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Starting Off Right: A Good History to Help Identify Pain

Shelly J. Olin, DVM, DACVIM (SAIM), University of Tennessee

M. Katherine Tolbert, DVM, PhD, DACVIM (SAIM), University of Tennessee

November / December 2016|Peer Reviewed

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Starting Off Right: A Good History to Help Identify Pain

Part 3 of a 3-part series

TEACHING TARGET:

VETERINARY PATIENTS OFTEN HIDE SIGNS OF PAIN COMPLETELY OR SHOW ONLY SUBTLE SIGNS, SO EDUCATING VETERINARY TEAM MEMBERS AND CLIENTS TO RECOGNIZE PAIN IS ESSENTIAL FOR EARLY TREATMENT.

The detrimental effects of untreated pain in veterinary patients and their recovery from illness, injury, and surgery are well-documented.1 Managing pain should be considered a standard of care, but recognizing the signs can be challenging and pain is likely still undertreated in dogs and cats.

Behavior changes are some of the most common signs of pain but can easily be overlooked2,3; therefore, during the medical interview, the veterinary team must thoroughly question clients about their pet’s behavior changes.

Owners may be unaware of the clinical signs associated with their pet’s pain because animals sometimes hide the signs, present only subtle clues,2 become reclusive, or develop abnormal behaviors.4 Pain also may be associated with underlying disease, occur in the absence of obvious tissue damage, and persist after an inciting cause is resolved.3,5

Spectrum of Signs

Pain severity can range from acute and severe to insidious and mild. Some signs (eg, lethargy, decreased appetite) are extremely nonspecific, but others (eg, pronounced movement and posture changes, especially with vocalization) are more overt. A dog with a painful abdomen may sit hunched over or in a prayer position; a cat with neck pain may appear stiff and be reluctant to move the neck; a dog with orthopedic or musculoskeletal pain may limp, rise slowly, or stand or walk with difficulty.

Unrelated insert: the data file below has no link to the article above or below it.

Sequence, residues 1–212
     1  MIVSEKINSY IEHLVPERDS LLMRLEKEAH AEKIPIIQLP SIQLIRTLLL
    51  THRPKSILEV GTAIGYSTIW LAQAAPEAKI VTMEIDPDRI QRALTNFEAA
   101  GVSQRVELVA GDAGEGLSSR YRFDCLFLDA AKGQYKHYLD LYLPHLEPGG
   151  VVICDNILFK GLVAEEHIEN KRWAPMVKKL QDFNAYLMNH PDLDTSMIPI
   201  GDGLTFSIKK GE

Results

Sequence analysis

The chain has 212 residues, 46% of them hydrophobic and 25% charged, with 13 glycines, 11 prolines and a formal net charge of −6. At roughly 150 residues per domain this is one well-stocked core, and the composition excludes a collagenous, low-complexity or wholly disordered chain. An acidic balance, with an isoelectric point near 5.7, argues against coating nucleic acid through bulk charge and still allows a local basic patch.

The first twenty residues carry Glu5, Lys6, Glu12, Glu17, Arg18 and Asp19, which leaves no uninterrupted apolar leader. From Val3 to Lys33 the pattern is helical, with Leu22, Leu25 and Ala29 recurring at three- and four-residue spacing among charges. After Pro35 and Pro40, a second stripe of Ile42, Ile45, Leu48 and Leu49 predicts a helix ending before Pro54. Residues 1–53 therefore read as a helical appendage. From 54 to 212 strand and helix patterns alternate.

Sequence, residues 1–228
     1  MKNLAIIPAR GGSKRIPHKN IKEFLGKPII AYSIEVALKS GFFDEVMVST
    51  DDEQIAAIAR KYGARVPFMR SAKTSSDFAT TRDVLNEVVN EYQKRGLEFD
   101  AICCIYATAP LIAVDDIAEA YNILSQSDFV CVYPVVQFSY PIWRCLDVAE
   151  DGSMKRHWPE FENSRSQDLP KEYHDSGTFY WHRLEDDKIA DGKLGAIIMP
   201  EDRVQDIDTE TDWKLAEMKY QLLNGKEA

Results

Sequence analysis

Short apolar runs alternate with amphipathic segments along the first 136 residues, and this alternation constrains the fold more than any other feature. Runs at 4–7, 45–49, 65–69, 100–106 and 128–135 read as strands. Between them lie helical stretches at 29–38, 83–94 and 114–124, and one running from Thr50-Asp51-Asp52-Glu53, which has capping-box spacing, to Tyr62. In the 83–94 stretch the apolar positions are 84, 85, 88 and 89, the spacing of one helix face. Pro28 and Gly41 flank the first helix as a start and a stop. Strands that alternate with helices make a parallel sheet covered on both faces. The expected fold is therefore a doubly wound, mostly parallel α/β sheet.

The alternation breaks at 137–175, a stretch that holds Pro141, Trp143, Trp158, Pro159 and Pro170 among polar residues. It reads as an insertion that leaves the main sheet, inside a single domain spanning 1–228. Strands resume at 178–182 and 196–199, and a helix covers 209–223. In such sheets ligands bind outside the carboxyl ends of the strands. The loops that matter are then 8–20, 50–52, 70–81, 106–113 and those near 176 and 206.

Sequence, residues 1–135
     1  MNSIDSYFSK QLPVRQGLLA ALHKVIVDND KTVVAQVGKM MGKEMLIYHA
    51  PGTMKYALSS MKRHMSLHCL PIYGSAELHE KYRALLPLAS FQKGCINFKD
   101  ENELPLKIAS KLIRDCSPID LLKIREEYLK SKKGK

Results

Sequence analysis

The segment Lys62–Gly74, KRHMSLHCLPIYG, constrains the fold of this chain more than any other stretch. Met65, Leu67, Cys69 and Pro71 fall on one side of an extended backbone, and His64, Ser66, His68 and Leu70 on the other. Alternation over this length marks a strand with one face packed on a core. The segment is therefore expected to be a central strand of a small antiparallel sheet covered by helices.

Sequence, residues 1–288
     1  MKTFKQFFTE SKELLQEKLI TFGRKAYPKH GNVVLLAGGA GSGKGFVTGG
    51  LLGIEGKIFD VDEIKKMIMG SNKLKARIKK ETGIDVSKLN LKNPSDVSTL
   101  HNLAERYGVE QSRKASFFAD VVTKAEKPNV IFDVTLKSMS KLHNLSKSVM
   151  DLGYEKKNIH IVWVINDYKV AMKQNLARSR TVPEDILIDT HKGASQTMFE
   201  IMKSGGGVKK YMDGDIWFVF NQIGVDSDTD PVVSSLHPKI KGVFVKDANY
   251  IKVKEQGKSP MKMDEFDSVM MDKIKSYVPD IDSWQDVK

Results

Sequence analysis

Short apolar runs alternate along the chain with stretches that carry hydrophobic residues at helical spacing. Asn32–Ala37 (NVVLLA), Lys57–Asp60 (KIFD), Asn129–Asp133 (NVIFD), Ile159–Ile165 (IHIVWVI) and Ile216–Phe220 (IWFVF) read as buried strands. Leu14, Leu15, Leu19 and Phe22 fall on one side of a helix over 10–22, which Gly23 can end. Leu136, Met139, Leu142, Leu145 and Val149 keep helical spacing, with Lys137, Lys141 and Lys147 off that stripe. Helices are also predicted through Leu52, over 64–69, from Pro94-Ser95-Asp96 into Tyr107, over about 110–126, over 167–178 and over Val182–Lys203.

More subtle signs (eg, decreased appetite, disposition changes [aggression, restlessness, hiding], trembling, ptyalism) may not be recognized as pain indicators.6 Owners also may not recognize chronic pain because they think changes are due to normal aging.2 

Painful cats can be especially challenging. They may interact less with owners and become more reclusive, hide, or be less mobile,2,3 which, unfortunately, even veterinarians can find difficult to assess. One study found 90% of cats had radiographic evidence of degenerative joint disease (DJD), yet only 4% of these cats had clinically detectable lameness.7 A subsequent study of 23 cats with radiographic DJD showed that cats were significantly more active, more willing and able to jump, and increased their grooming after analgesic therapy was initiated.8 Thus, owners may retrospectively recognize signs of pain only after adequate treatment.

Different Manifestations

Pain manifests differently in dogs and cats, so the veterinary team should develop a comprehensive understanding of the differences to better guide their questioning of the owner.3

For example, the owner of an indoor cat with progressive osteoarthritis may notice changes in litter box habits such as urinating or defecating outside the litter box to avoid stepping over the edge of the box.9 If recognized early, a simple solution would be to provide analgesics and use a litter box designed for low-impact entry placed in an easily accessible location that does not require effort (eg, going up or down stairs).

Owners should also be questioned about decreased grooming, another possible sign of pain in cats,2,3,6 whereas increased grooming of a particularly painful area is occasionally noted in both cats and dogs.3 Dogs, however, tend to exhibit more overt clinical signs of pain, including pacing, restlessness, lip smacking, or barking or whimpering.3,10 Questioning and educating owners about behavior pain indicators, especially in aging pets, is critical to facilitate early intervention.2

Physical Examination

In addition to a complete history, it is important to observe the patient in the practice and perform a thorough physical examination to support pain identification. Using a validated pain scale for the species of interest helps decrease interobserver subjectivity and can improve pain management.4,11,12

Pain Scales

Conclusion

Owners are often very astute about their pets’ normal personality and behaviors, but given the many types of pain manifestation and species differences, they may miss subtle signs of pain. Therefore, educating owners about the possible signs and the importance of communicating changes to the veterinary team is essential. Likewise, educating all veterinary team members who obtain patient histories to recognize signs of pain is the cornerstone of identifying and treating pain promptly.

References and Author Information

For global readers, a calculator to convert laboratory values, dosages, and other measurements to SI units can be found here.

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